I have been reflecting on two novels, one of which has stayed with me since its publication three decades ago, the other of which I just read a couple of weeks ago. The one I just finished a couple of weeks ago is Apeirogon, by Colum McCann. The word apeirogon in the title refers to a geometric shape with what is said to be a countably infinite number of sides.

White followers of Jesus must live in keeping with the gospel story and oppose the persistent, systemic racism in American society

By J. Ross Wagner

On June 1, during a speech in the Rose Garden, President Donald Trump proclaimed himself “your president of law and order, and an ally of all peaceful protesters.” Meanwhile, outside the White House, officers in riot gear backed by mounted police used smoke canisters, pepper balls, flash-bang grenades and billy clubs to break up an overwhelmingly peaceful protest on the north side of Lafayette Square.

Having demonstrated his ability to “dominate the streets,” the president then walked across the square to St. John’s Episcopal Church where he posed briefly for photos. Standing stern faced and holding…

By Sujin Pak

Imagine that the world as you have known it has ceased to be. Imagine that the logic with which you approached your life now no longer seems to hold. Imagine that a hope in a bright future is now called acutely into question, if not seemingly demolished altogether.

You don’t really have to imagine this. For many, this is the reality in which so many and we ourselves are living.

“The Road to Emmaus I” by Daniel Bonnell

This is the reality in which the disciples in Luke 24 were living. Their whole world had fallen apart. All their hopes and dreams of a new…

By David Emmanuel Goatley

The tornado damaged or destroyed houses up and down the block. It was like something out of a scary movie. But it was all too real.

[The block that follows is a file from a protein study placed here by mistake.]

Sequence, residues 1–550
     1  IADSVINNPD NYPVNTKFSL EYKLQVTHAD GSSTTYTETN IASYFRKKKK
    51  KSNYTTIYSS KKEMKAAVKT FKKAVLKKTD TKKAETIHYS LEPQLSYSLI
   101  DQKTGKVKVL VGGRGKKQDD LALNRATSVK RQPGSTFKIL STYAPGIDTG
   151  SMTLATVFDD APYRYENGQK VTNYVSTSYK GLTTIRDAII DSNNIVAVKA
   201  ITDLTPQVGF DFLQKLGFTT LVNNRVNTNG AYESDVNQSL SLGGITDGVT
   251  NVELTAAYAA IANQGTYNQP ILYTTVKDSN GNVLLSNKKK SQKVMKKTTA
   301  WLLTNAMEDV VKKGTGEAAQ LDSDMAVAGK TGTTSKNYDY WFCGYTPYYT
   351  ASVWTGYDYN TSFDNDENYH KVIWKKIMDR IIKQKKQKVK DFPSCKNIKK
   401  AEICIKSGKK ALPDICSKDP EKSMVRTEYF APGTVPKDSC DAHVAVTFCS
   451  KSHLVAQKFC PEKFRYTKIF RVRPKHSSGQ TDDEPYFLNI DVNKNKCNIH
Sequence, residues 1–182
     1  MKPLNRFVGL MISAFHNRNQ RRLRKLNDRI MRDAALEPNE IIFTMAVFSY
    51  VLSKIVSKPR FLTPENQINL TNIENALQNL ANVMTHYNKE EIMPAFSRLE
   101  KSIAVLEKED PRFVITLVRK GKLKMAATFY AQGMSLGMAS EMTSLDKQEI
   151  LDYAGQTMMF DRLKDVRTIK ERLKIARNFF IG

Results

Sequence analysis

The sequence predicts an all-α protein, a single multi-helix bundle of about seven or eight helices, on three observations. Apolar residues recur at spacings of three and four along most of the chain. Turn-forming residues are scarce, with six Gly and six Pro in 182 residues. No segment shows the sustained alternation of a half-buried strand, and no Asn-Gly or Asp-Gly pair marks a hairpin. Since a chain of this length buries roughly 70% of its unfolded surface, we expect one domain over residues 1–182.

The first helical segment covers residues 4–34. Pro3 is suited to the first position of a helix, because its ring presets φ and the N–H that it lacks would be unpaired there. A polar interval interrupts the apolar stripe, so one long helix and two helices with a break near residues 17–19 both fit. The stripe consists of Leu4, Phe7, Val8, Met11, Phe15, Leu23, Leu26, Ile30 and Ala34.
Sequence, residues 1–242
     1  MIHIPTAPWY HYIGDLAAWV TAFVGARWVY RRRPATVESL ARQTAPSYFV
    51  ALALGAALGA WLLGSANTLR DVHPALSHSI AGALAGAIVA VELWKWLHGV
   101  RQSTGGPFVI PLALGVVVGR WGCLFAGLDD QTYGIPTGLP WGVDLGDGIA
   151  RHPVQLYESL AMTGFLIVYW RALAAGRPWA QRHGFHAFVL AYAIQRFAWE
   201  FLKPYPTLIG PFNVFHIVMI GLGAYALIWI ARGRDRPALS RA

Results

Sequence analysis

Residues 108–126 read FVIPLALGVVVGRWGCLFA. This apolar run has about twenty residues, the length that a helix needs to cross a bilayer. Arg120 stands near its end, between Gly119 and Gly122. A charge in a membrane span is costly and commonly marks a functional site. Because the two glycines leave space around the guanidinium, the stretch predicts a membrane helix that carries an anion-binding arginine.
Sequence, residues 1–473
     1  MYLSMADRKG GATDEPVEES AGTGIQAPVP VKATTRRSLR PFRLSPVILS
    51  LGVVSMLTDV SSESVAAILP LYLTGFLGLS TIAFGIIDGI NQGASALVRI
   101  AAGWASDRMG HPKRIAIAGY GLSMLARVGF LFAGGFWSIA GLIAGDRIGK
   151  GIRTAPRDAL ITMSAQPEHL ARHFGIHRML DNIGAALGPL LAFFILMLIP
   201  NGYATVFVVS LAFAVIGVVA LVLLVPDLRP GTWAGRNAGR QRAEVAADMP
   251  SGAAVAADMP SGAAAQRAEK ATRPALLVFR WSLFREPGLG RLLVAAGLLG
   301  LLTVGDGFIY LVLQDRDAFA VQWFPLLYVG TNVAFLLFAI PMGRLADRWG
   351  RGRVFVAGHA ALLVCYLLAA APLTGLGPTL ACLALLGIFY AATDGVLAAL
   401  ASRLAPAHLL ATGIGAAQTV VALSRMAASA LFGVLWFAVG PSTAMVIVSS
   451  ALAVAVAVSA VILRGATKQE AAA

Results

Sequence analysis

Utility poles were broken. Trees were uprooted. Shingles were scattered. Toys were tossed. Clothes were cast about. It was a mess.

Peculiarly, you could see a house here and there standing unharmed by the violent storm that passed by a few hours earlier. How in the world did those few buildings escape damage or destruction?

One of those homeowners whose house escaped damage said, “The Lord blessed us.” …

By C. Kavin Rowe

Whether we love it or hate it or something in between, the existence of Christianity in the modern West is taken for granted. Its long history of penetration into almost every layer of almost every society in the West makes it virtually impossible to conceive any part of the Western world without some semblance of Christian influence.

Such influence does not mean, of course, that Christianity in the West is here to stay, or that some independent metaphysical law in the unfolding of human history requires Christianity to persist. Indeed, many of the more powerful contemporary…

Duke Divinity School

At the center of a great university, our spiritually disciplined and academically rigorous education forms innovative Christian leaders for the church and world

Get the Medium app

A button that says 'Download on the App Store', and if clicked it will lead you to the iOS App store
A button that says 'Get it on, Google Play', and if clicked it will lead you to the Google Play store